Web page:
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  • Oculus Quest Shortage Is A Good Sign For VR

    Industry insiders weigh in on the potential impact of the standalone headset. Facebook’s standalone 6DOF headset, Oculus Quest hit retail stores on May 21st, and in just one week after launch, the VR headset was listed as sold out at many U.S. retailers such as Walmart, Amazon and Newegg, suggesting that VR is finally catching on with

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  • Here’s How Apple’s AR Headset Will Likely Be Introduced — And When
    Here’s How Apple’s AR Headset Will Likely Be Introduced — And When

    Apple has been working on an augmented reality headset for years. The company hasn’t explicitly confirmed the project, but between hiring AR hardware-specific personnel, filing numerous AR patents, buying AR startups, naming an AR marketing director, and teasing future steps beyond its ARKit software, iGlasses are effectively an “open secret,” just waiting to be unveiled.

    Of course, no one knows exactly how and when that will happen. Apple’s black box approach to development means that the specifics are still mysterious, so its iGlasses (or Apple Glasses, or whatever they’re ultimately called) could be nearly ready for production — or a year away. Some of the earliest and best-sourced reports established a late 2019/early 2020 timetable for the rollout.

    That suggests that we’re getting close to the official reveal date. It might even come at next week’s WWDC, and I’ve heard whispers that Apple was considering that possibility. As I’ll explain below, however, that would break somewhat with tradition, and it’s best not to get your hopes up for a big reveal right away. Putting the specific timing aside for a moment, here’s how the product is most likely to be introduced.

    Expect a preview well ahead of its public release

    If you think back to every major Apple “new category” introduction over the past dozen years — iPhone, Apple TV, iPad, Apple Watch, and HomePod — their common thread is a substantial gap between initial announcement and actual in-store availability. Specifically:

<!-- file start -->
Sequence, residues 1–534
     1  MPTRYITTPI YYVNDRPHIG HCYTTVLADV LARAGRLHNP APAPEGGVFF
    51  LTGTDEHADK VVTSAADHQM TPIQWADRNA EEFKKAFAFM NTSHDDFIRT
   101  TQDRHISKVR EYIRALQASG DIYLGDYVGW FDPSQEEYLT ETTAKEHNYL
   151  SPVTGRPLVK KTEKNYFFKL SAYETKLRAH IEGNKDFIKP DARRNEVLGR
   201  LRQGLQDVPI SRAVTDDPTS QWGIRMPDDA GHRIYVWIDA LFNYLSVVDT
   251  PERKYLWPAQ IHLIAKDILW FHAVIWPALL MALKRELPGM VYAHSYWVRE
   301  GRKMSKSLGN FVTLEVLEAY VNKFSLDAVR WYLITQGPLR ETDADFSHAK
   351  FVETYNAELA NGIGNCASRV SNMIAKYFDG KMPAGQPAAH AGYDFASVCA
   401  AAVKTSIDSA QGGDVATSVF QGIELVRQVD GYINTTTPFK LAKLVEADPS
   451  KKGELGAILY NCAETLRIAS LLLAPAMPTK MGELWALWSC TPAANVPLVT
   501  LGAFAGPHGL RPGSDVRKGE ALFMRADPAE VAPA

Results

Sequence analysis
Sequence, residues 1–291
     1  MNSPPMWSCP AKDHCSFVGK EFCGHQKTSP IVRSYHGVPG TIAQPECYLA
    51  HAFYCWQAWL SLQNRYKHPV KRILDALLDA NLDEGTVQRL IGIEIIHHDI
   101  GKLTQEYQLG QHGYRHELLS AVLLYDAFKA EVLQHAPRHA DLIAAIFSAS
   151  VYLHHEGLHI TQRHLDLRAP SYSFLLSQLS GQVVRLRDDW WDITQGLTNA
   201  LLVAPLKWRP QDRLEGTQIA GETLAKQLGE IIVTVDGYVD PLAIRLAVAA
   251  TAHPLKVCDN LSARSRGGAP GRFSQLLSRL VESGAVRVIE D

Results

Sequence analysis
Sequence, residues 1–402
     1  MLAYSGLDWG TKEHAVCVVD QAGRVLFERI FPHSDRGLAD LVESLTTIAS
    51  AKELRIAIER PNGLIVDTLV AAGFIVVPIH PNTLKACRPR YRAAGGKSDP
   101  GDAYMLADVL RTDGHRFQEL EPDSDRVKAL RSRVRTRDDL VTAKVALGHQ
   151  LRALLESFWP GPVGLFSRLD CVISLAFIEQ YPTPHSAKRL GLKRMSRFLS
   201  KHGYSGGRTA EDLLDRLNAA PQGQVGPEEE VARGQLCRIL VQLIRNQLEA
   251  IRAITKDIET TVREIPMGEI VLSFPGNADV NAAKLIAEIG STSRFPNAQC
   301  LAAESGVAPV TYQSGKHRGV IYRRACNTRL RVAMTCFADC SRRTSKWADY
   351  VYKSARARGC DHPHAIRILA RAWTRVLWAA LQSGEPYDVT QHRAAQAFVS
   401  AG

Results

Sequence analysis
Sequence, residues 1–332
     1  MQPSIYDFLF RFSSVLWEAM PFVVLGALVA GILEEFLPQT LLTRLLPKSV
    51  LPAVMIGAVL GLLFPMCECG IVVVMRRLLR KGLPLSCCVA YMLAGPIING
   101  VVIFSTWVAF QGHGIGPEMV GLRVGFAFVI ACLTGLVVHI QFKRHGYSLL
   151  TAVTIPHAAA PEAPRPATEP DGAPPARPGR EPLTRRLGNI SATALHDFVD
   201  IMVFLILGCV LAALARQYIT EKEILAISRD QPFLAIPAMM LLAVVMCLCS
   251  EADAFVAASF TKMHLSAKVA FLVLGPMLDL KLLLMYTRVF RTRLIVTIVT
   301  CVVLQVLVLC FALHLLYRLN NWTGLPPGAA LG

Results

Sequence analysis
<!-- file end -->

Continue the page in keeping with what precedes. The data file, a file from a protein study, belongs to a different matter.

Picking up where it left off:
iPhone was announced January 9, 2007 and released on June 29, 2007.
    Apple TV was previewed (as iTV) on September 12, 2006 and released March 21, 2007.
    iPad was announced January 27, 2010 and released on April 3, 2010.
    Apple Watch was revealed on September 9, 2014 and released on April 24, 2015.
    HomePod was introduced June 5, 2017 (WWDC) for a promised December 2017 launch, but ultimately released February 9, 2018.

    Apple needs these gaps for several reasons: to win FCC and related regulatory approvals, to finalize manufacturing and marketing plans, and to work out last-minute issues with anything from laggard components to software and distribution channels. Even former Apple CEO Steve Jobs — arguably the strongest proponent of announcements ending with “in stores now” — yielded to these realities for Apple’s first-of-kind product launches, specifically acknowledging the “sneak peek” as a way to avoid leaks that would just happen with regulatory approvals.

    For that reason, you can be certain that there will be an official sneak peek of the new AR product months before it hits stores. That gap will also conveniently give everyone plenty of time to make peace with the first model’s sure-to-be-controversial limitations, such as battery life and pricing.

    Will the preview happen at WWDC?

    One critical question could determine when Apple reveals its AR hardware: Will it be a brand new, standalone computing platform, or just an iPhone accessory?

    If the device is a standalone computing platform, akin to Microsoft’s HoloLens or Magic Leap One, Apple will need to share a ton of new information with developers to get them on board early. In theory, there’s no better place to do that than WWDC. If it’s just an iPhone accessory, the reveal